rwings01
Unregistered guest
Hi Christopher, I just bought the klipsch rf-35 5.1 system and I fin my yamaha rx-v800 no powerfull enough and to bright. What's a better fit the HK, NAD or denon 3805? It will be 95% for movies.

Thanks
 

Bronze Member
Username: Landlockedph

Dallas, TX

Post Number: 33
Registered: Dec-04
Here's my .02 worth...

I thought I'd take a few minutes to share my reasons for selecting an Onkyo TX-SR702 receiver to power my dedicated home theater.

I'm running a 65" Hitachi projection HDTV, Klipsch RF-3 II mains, an RC-3 II center and four RS-35 surrounds. I am also using a Boston Acoustics PV700 sub.

Over the past couple of months, I've spent a considerable amount of time bringing home and auditioning the following receivers:
Onkyo TX-SR602
Yamaha RX-V1500
Denon AVR 3805
Harman Kardon AVR 430
Harman Kardon AVR 630
Pioneer Elite VSX-56TXi
Onkyo TX-SR702

I set out with a $500 budget to upgrade from a four year-old Yamaha 5.1 channel AVR and first went to Onkyo since I have had excellent results with their past products. Beginning with the TX-SR602, I immediately noticed an improvement in overall sound as the Onkyo was fuller in the low and mid range while being less "tiring" than the old Yamaha, which has now been relegated to my family room.

Since I hadn't looked at new receivers in some time, I decided to continue my research and went to a local dealer to extensively compare a Yamaha RX-V1500 with the Elite VSX-56TXi and the Denon AVR 3805. All three were located in the same room and the salesman left me alone for over two hours while I ran every type of A/B comparison I could (using essentially the same speakers that I have at home). Realizing that each 7.1 receiver has common home theater, surround sound functions, I decided to focus on music reproduction for these tests and found that the Yamaha and Denon were nearly identical in sound quality. When compared to either Yamaha or Denon, the Elite felt smoother in the low and mid range. Especially when played at lower volumes. However, what the Elite enjoyed in "smoothness" it lacked in "detail". Since I listen to allot of jazz and vocals... clarity of sound and the subtle nuances of a woodwind or female voice were lacking with the Elite. Out of these three... the Yamaha was the clear winner with its excellent sound definition and expanded home theater functionality.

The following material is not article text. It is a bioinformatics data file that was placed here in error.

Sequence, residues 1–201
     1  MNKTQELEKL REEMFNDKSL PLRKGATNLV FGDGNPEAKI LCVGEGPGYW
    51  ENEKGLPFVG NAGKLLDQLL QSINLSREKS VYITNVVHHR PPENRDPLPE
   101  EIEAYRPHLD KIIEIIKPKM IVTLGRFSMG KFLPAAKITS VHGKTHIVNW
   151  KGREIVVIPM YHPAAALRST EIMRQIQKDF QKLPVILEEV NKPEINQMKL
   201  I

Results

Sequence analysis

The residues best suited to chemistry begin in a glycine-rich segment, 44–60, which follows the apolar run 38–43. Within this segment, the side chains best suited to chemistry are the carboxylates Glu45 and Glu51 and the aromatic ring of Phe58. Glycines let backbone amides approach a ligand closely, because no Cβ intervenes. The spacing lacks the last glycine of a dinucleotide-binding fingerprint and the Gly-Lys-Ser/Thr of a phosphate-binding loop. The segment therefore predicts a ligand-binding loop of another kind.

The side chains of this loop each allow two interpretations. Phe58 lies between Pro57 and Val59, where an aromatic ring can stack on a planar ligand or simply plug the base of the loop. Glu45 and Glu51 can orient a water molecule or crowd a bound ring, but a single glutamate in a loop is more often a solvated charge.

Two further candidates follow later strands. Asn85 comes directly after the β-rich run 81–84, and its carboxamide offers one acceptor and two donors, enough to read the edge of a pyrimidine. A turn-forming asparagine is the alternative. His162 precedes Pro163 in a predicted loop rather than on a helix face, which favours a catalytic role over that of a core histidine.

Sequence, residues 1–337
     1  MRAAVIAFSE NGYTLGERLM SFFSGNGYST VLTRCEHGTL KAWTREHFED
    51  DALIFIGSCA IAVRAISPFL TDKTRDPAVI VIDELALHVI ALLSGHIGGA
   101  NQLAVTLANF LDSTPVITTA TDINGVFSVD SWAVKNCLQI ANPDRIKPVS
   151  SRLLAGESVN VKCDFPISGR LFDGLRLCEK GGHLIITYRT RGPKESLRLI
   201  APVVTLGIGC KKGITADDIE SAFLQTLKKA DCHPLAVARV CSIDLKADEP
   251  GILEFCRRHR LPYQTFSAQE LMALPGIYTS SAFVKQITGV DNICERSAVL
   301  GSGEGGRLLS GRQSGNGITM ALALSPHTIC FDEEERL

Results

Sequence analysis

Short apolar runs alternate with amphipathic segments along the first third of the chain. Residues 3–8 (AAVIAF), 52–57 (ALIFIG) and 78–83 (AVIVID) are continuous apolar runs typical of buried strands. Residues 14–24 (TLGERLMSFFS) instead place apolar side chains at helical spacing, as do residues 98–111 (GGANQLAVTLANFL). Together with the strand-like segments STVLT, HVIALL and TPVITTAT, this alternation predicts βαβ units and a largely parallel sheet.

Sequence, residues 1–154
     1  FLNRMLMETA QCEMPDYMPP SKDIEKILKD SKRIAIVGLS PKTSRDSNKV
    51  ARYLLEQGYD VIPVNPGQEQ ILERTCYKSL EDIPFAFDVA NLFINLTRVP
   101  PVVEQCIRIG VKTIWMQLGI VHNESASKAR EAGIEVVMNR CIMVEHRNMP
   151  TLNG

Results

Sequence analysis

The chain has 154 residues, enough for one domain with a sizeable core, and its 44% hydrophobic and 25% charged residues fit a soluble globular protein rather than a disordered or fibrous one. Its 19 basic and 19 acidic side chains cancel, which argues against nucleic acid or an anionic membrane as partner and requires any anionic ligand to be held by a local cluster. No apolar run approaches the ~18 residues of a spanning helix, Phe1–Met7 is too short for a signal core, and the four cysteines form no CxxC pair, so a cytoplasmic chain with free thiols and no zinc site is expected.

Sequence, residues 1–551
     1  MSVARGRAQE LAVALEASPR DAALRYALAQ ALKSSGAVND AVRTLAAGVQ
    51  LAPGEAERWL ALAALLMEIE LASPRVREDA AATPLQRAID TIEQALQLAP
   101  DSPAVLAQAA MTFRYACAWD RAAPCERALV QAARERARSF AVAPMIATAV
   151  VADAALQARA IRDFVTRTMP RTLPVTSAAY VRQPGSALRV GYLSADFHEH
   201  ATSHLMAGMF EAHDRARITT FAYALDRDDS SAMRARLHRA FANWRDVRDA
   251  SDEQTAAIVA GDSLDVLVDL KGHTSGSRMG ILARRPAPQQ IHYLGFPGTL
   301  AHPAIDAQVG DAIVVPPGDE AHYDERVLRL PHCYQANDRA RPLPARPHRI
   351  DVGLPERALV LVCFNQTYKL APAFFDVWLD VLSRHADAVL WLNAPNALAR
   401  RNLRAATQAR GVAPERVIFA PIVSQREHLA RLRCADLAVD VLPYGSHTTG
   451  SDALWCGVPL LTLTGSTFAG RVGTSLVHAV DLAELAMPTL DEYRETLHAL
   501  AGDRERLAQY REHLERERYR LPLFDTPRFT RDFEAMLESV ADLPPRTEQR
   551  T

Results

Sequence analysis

While trying to get the smoothness of the Elite and the detail of the Yamaha, I decided next to spend a considerable amount of time researching and bringing home the Harman Kardon AVR430 and AVR630 receivers. The sound was excellent and clearly exceeded that of the Yamaha. Nice and smooth with great attention to detail and overall response. Both are 6.1 receivers and have now been replaced with the AVR435 and AVR635 respectively. I intended to step-up to the new receivers as soon as they became available... probably going with the AVR435 since it was closest (although still higher) to my original budget.

However, I continued to research the Harman Kardon lines (I had owned an HK receiver nearly 30 years ago), and I began to see several postings questioning the "build quality" of these receivers. A number of people had run into problems and returned or exchanged their initial units until they found one that worked. I also began to see how difficult they were to setup and "tweak" to achieve all of the benefits of their advanced technology.

Since my home theater is designed to be used by my wife and two children in addition to myself, I began to see how difficult HK would be for them to use when I wasn't around to set it up for them. In addition, HK's remote controls are large and unwieldy. Although backlit, the buttons were small and not well labeled for use in the darkness of a home theater application. I'm sure I would have enjoyed tweaking and playing with either of these receivers, however I value my marriage and family and could see where this would quickly become a problem that I wasn't interested in wrestling with.